Species Appreciation: Eastern Spadefoot - Scaphiopus holbrookii

Just beneath the earth's surface exists an array of life forms, most of which rarely appear to vouch for this claim; what exists beneath our feet, our agricultural equipment and tree roots goes largely unnoticed, and understandably so. One such elusive creature is the Eastern Spadefoot - Scaphiopus holbrookii; or to Futurama fans, the "Hypnotoad". 


This bizarre little Anuran (Frog) is a representative of the Scaphiopodidae family, seldom seen or heard due to its fossorial nature. Much like other representatives of its family, Eastern Spadefoots spend the majority of their year underground, only surfacing to forage and breed. Noted for their burrowing ability, they can be found up to 2 meters beneath the earth's surface. That's an impressive feat for a frog that only grows a few inches in length. Each of its hindfeet are equipped with a sickle shaped tubercle, or "spade", which it uses for burrowing. Hence the name "Spadefoot". 


There are few amphibians native to the northeast that I enjoy finding more. On a nice rainy night, well over 100 miles from home, these critters occasionally surface from their underground refugia, perhaps to grab a bite, or to make more copies during their breeding season which is more or less undefined. One of the most fascinating aspects of the Eastern Spadefoot Toad is its metamorphic capabilities. While metamorphosis for most amphibians takes months or even years to complete, Eastern Spadefoot eggs can hatch within 24 hours and metamorphose into their terrestrial form in as soon as 14 days. Newly transformed "toadlets" measure no more than half an inch long, and feed on invertebrates in proximity to their breeding pools before embarking on a life underground amongst the worms and scarab grubs.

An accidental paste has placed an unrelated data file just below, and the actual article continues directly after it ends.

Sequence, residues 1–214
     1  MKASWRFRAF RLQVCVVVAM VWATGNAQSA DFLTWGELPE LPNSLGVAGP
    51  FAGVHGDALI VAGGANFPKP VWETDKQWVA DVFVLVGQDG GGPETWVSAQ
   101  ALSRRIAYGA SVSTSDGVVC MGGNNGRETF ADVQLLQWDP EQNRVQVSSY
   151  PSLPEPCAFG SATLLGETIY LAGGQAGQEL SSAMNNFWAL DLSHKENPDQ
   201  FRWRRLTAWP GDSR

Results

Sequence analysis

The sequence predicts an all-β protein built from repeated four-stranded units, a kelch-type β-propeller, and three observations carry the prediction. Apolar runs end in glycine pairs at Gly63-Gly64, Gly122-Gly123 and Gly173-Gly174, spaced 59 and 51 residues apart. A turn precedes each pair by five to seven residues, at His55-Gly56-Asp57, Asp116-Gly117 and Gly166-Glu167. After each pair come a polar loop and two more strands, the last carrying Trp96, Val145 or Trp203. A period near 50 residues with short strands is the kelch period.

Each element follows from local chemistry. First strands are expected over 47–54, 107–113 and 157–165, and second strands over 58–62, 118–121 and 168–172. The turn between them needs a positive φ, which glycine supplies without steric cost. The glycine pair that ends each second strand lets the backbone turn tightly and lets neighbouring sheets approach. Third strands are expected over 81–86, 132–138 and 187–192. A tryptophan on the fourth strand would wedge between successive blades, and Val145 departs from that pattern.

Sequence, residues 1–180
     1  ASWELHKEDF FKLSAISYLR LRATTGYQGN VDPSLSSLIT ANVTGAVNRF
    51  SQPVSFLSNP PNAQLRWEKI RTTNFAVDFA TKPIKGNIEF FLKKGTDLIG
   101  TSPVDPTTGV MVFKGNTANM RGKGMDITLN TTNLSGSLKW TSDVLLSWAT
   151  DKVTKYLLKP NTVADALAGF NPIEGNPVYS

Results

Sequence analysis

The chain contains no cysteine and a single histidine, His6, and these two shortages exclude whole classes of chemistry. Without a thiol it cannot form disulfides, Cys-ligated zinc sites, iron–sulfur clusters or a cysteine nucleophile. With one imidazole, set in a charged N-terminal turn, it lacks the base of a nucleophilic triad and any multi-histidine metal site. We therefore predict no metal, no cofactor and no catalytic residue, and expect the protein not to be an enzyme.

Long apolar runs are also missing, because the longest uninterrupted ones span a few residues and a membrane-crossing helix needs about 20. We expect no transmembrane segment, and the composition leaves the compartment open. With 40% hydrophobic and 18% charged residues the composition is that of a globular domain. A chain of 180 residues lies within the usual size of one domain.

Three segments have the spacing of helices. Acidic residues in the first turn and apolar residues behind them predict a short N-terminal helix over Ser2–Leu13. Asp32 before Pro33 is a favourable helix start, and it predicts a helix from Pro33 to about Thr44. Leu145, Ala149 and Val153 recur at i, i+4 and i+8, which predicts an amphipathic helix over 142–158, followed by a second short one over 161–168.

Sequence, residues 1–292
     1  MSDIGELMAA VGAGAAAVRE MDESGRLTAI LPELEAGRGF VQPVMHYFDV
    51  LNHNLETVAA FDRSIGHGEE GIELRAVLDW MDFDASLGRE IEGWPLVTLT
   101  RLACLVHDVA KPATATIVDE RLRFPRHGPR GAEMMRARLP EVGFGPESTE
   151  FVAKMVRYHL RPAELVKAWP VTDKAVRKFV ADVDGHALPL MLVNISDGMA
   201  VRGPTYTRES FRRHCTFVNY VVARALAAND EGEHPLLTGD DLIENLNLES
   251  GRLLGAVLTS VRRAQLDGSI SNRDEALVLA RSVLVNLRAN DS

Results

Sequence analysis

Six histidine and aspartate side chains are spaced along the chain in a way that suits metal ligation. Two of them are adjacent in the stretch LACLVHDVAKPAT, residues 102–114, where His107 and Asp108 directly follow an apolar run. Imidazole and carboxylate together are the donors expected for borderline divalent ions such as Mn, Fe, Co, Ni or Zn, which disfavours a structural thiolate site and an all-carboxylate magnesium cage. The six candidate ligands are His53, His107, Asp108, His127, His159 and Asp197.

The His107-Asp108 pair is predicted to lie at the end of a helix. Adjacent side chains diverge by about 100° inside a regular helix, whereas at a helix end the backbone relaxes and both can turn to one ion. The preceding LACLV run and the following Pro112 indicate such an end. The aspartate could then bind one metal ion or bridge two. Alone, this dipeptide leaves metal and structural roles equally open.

As is the case for many amphibians, habitat destruction and road mortality are leading causes to the Eastern Spadefoot's decline in northeastern states. Luckily, the fellow pictured above was discovered before falling victim to the roadway. We gave him a lift to the other side of the road and left him to do his thing. On rainy nights, I encourage you to drive carefully not only for your own well being but for the animals we share the planet with. Amphibians such as the Eastern Spadefoot represent important cogs in the ecological machine. Furthermore, any creature nicknamed the "Hypnotoad" should be cherished and shared with generations to come. 

Until next time, 

- S.Harris